The Indian government is preparing for its worst phase in the pandemic as a "third wave" hits Delhi. The state has recorded more than 130,500 deaths in the last two weeks. Murali Krishnan reports.
COVID-19 infections and deaths have fallen from a mid-September high nationally, but in Delhi, India's most populous state, the situation looks very different. Last week, it recorded its highest infections and deaths with over 51,000 cases, bringing its total caseload to more than 489,000.
Since the middle of May, Delhi has gradually lifted restrictions and reopened markets and public transport. Just last week, the state of 20 million people celebrated the Hindu festival of Diwali.
During a live broadcast, Delhi Chief Minister Arvind Kejriwl called on people to wear masks and adhere to social distancing as authorities warned Delhi could see as many as 15,000 cases a day.
"If we see that social distancing and mask-wearing is not being followed in any market, and there's a possibility of those areas becoming a hot spot, we should be allowed to close them down for a few days," Kejriwl said, adding that he had written to federal authorities for permission to impose the restrictions.
New Delhi's poor air quality also seems to have compounded the spread of the virus. The city has high levels of tiny pollutants of the size known as PM 2.5, which doctors warn can enter the nose to weaken the inner lining of the lungs and help the virus spread.
Over the last two weeks, Delhi's air quality index was at on some occasions 12 to 14 times greater than the World Health Organization's (WHO) safe levels.
Shortage of hospital beds
Kejriwl maintains that Delhi's lack of intensive care unit (ICU) beds is the city's biggest challenge in its fight against COVID-19.
The state government's online tracker showed just 116 beds available, from a total of 1,327 in intensive care units equipped with a ventilator. State hospitals are also overworked with surging patient numbers.
"At present, about 60% of the COVID-19 beds in the city are occupied. If the situation continues, there will be a crisis," Sanjay Rai, a community medicine expert, told DW.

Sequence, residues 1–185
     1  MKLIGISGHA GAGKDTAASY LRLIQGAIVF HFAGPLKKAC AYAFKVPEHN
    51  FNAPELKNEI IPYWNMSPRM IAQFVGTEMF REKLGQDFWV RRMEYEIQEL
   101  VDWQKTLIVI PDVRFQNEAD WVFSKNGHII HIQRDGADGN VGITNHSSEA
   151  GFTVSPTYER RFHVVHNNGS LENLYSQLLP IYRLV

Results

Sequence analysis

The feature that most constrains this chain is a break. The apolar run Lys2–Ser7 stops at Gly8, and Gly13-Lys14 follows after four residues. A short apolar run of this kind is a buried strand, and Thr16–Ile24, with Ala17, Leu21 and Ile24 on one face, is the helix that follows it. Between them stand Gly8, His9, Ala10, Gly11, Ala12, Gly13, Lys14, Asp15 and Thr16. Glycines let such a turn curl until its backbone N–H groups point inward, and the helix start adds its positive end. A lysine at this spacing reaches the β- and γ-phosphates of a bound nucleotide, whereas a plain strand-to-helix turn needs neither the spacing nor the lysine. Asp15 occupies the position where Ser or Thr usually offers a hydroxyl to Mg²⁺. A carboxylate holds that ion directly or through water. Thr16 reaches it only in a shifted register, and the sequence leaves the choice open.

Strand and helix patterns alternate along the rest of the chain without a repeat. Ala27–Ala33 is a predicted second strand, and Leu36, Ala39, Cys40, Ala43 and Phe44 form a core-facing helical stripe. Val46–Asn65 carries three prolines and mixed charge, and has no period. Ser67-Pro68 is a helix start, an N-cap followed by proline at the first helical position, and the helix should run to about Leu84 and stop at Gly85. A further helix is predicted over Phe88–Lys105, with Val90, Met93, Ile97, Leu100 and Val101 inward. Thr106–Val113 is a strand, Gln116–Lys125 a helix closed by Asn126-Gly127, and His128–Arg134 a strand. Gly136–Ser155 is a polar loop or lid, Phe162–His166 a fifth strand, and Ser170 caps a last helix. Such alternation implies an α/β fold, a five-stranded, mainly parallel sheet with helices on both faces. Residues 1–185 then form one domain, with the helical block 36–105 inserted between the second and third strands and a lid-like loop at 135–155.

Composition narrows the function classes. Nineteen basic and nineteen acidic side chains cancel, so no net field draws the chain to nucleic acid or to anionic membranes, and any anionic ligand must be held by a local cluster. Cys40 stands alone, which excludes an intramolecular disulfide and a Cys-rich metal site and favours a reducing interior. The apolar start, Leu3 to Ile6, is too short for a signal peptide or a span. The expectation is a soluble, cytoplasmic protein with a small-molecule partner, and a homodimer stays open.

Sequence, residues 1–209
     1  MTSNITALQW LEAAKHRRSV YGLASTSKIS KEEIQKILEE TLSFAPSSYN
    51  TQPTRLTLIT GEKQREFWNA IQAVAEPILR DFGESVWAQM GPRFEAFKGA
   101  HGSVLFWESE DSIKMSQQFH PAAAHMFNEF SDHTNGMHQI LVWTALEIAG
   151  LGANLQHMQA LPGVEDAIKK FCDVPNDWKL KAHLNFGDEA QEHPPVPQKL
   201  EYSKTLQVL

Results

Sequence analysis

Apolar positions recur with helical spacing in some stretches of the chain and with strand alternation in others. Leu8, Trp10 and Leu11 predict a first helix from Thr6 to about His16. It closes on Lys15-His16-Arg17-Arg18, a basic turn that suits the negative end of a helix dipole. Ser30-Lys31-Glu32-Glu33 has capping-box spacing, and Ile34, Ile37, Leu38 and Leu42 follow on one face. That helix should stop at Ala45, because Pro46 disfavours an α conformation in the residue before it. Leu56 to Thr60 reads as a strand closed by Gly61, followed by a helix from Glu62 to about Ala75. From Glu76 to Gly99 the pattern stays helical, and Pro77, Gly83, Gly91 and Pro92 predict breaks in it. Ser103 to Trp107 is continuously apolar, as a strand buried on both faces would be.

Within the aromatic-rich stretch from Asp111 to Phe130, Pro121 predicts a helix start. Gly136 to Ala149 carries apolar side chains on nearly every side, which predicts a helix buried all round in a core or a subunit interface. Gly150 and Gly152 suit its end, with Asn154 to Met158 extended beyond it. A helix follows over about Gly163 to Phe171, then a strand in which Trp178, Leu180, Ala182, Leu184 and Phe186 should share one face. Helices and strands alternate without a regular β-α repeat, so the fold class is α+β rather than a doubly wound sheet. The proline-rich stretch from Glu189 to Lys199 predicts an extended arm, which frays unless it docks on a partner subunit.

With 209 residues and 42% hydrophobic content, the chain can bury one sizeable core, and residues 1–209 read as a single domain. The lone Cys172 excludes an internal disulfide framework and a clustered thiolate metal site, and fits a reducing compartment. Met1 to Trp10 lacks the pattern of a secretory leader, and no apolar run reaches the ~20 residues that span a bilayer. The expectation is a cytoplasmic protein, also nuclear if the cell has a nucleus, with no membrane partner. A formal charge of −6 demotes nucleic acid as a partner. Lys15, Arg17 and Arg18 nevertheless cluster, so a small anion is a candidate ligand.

Federal officials have pledged to make hundreds more available soon, as well as airlift additional doctors and paramedical staff from the central armed police forces. Authorities also vowed to deploy more medical equipment to tackle severe cases.
So far around 75 doctors and 250 paramedics from central paramilitary forces have been flown in from other cities to meet Delhi's shortage of health workers amid its rise in infections.
Officials also said that they would gradually increase coronavirus testing in coming weeks from 60,000 per day to 100,000 and then to 125,000.
'No chance' of another lockdown
Despite concerns of a looming health "crisis," Delhi Health Minister Satyendar Jain said that there would be "no chance of reimposition of lockdown" in Delhi. "The festival is over and the crowds will get thinner in markets from now on," he told DW.
He partly attributed the coronavirus surge to contact tracing and targeted testing of the population. He also said the rise was due to increased RT-PCR testing as opposed to rapid antigen tests, which he said tend to generate more false negatives.
Last month, a government appointed panel of scientists said that the virus had already peaked in India and would run its course by February next year. According to the panel, the number of daily new coronavirus infections will continue to fall. The scientists said that the pandemic could be under control by February 2021, provided all health protocols are followed and if the government does not relax social distancing rules any further.
India, which has recorded a total of 8.87 million coronavirus cases with 130,519 deaths, is the world's second worst hit nation after the US.